In this video segment adapted from American Experience, historians examine how John Adams advocated for a separation of powers when he wrote the Massachusetts Constitution in 1779. Adams called for a strong executive branch, two legislative branches, and an independent judiciary branch. This state constitution became the model upon which the federal constitution was based.
Since its inception, the U.S. government has evolved over time to keep up with the changes in the nation. Still, many of the fundamental ideas held by the framers of the Constitution are still in place. Based on the model first developed by John Adams when he drafted the Massachusetts Constitution, the U.S. Constitution calls for three separate branches to govern the nation. It is how these branches share the power—a system of checks and balances—that ensures that no one person or group has absolute control.
The legislative branch includes the Senate and the House of Representatives, which together are referred to as Congress. It is their job to write the nation's laws. The Senate has two members elected from each state, so, whether you live in a big state or a small state, you have the same number of senators working for you. The number of members in the House of Representatives is based on each state's population. For example, California has 53 representatives, while North Dakota has one.
In addition to passing laws, Congress controls national taxes and spending, and regulates foreign and interstate commerce. Congress also funds the military and can declare war on other countries.
If there is an issue of great public concern, or a debate about a new policy, Congress will hold hearings to take testimony about the issue. For example, Congress has held hearings about whether explicit language and lyrics can be used in rock and rap music. After a 1986 congressional hearing, the record industry decided to place "parental advisory" stickers on music products with explicit content.
The executive branch, led by the president, enforces the nation's laws. The president is elected to office for a term of four years. The framers of the Constitution created this term limit to make sure no one person held too much power. At the time, no European nation had term limits for their leaders, so this was a novel idea. In 1951, Congress further limited the president's time in office by allowing each president to serve no more than two terms, for a total of eight years.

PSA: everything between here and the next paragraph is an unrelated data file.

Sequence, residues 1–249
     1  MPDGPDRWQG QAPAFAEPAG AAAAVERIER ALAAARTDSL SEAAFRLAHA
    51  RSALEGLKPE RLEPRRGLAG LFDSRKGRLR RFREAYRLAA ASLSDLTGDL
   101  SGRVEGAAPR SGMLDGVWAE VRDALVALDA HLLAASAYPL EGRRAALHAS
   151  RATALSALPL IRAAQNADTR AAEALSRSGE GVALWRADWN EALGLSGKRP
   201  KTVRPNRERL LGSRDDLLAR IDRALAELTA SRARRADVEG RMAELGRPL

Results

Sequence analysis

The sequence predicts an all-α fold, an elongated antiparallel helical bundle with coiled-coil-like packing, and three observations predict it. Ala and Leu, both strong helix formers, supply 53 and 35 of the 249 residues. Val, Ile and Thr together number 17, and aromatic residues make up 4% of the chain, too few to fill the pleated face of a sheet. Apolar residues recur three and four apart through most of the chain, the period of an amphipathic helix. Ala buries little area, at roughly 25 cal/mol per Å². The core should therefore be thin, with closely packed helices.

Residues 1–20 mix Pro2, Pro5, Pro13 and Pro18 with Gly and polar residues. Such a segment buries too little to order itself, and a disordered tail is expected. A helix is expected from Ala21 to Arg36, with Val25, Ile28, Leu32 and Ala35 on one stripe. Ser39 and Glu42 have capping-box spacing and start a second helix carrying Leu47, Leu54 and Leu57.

The president's powers include serving as commander in chief of the armed forces, negotiating treaties with other nations, nominating ambassadors, and appointing federal judges. However, many of these tasks, such as writing international treaties, must be approved by the Senate. The president also approves bills passed by Congress, which then become laws. If the president doesn't approve of a bill, he or she can veto it.
People who work for the president as part of the executive branch include the vice president, cabinet members, and the heads of a number of different agencies, such as the Environmental Protection Agency. Cabinet members advise the president on policy issues, such as whether to trade with a foreign nation or how to set national education goals.
The judicial branch includes a series of federal courts that determine the meaning of laws and how they should be applied. The Supreme Court is the highest federal court in the country. There are nine justices on the Supreme Court, including the chief justice. Justices are appointed by the president, approved by the Senate, and hold their positions for life, unless they choose to retire, resign, or are impeached. It is the justices' job to decide disputes among different groups in government, such as those between two states. They can also determine if a law passed by Congress or an action of the executive branch is unconstitutional.
Court cases begin in lower state or federal courts. If a case is not settled, it moves on to higher courts. But only cases dealing with federal or Constitutional law may move all the way up to the Supreme Court. For example, in a 1985 case that began in a New Jersey court, the Supreme Court decided that school officials are not bound by the Fourth Amendment to the Constitution. This means they have the right to conduct searches of students' property without a warrant as long as the searches are considered reasonable.
Academic standards correlations on Teachers' Domain use the Achievement Standards Network (ASN) database of state and national standards, provided to NSDL projects courtesy of JES & Co.
We assign reference terms to each statement within a standards document and to each media resource, and correlations are based upon matches of these terms for a given grade band. If a particular standards document of interest to you is not displayed yet, it most likely has not yet been processed by ASN or by Teachers' Domain. We will be adding social studies and arts correlations over the coming year, and also will be increasing the specificity of alignment.